If you have anything that needs any real torque though the impact is great. Pain in the butt trying to do those large deck screws with anything but an impact (and the cheapo impact drill did a great job).

            • +2 votes

              @freefall101: Agreed, I have done two decks in the past 12 months, one with and one without an impact driver, I would definitely never attempt another deck without one again. With the impact driver I didn't strip any screws and it's a lot easier on the wrists and arms, the only downside is the noise.

          •  

            @dufflover: An impact is good for repetitive driving of multiple screws, such as when you're building a deck, hanging plasterboard, framing a house etc. Also handy to have if you're doing your own tyre rotations on your car so you don't have to use a wheel brace for the whole process.

            •  

              @Nomadesque: Is this impact driver powerful enough for tyre rotations?

              • +1 vote

                @ozeebee: I doubt it would be able to break the nuts loose if they're done up properly. I normally use a brace to break them loose and do the final snug up, but an impact to spin them off and on as it saves a lot of time.

            •  

              @Nomadesque:

              An impact is good for repetitive driving of multiple screws, such as when you're building a deck, hanging plasterboard, framing a house etc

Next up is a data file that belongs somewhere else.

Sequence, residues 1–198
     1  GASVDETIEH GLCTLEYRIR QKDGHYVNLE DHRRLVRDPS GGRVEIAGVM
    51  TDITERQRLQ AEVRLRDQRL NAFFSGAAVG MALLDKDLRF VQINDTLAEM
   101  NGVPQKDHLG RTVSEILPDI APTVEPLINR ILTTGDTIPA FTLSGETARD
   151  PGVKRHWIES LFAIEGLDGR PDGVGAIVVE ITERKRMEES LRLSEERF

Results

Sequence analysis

Agreed … but I'd hardly say any of those are in the realm of a DIY guy/gal putting up some shelves at home or in the garden in the brick wall or that hose hangar in the brick garage.

              I'm still trying to figure out what the heck Le Grille is!

    • +11 votes

      What’s an impact driver…

      That was me, Saturday night, driving home on a narrow country road when a roo decided to jump in front of the car…

    • +2 votes

      Impact drivers are life changing. The way it applies torque means you don't need to push down on the screw so hard and it doesn't strip the head. Also, it's a lot faster than the drill.

      Usually I predrill using the drill and use the impact to drive the screw. Don't need to keep switching bits.

      It's got way more max torque so useful for removing stuck bolts etc too.

    •  

      It's a very noisy way of driving screws, benefits being that it applies more torque in multiple bursts with little kickback compared to a drill which applies torque continuously. It also won't strip screw heads as easily as a drill.

  •  

    I need to put a tv wall bracket on the wall will this do the job?

  • +5 votes